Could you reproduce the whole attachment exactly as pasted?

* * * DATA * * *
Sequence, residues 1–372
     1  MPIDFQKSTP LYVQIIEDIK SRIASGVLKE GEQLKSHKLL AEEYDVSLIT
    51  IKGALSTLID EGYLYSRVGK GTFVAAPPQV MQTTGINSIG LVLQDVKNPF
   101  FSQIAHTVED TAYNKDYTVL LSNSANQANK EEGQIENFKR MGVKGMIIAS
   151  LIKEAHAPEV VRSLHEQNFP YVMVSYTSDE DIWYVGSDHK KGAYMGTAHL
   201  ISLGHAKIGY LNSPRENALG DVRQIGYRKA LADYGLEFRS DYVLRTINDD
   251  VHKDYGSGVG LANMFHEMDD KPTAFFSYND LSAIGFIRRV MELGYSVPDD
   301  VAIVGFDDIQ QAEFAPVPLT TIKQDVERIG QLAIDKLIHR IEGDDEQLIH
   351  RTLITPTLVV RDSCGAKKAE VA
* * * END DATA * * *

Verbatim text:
Sequence, residues 1–372
     1  MPIDFQKSTP LYVQIIEDIK SRIASGVLKE GEQLKSHKLL AEEYDVSLIT
    51  IKGALSTLID EGYLYSRVGK GTFVAAPPQV MQTTGINSIG LVLQDVKNPF
   101  FSQIAHTVED TAYNKDYTVL LSNSANQANK EEGQIENFKR MGVKGMIIAS
   151  LIKEAHAPEV VRSLHEQNFP YVMVSYTSDE DIWYVGSDHK KGAYMGTAHL
   201  ISLGHAKIGY LNSPRENALG DVRQIGYRKA LADYGLEFRS DYVLRTINDD
   251  VHKDYGSGVG LANMFHEMDD KPTAFFSYND LSAIGFIRRV MELGYSVPDD
   301  VAIVGFDDIQ QAEFAPVPLT TIKQDVERIG QLAIDKLIHR IEGDDEQLIH
   351  RTLITPTLVV RDSCGAKKAE VA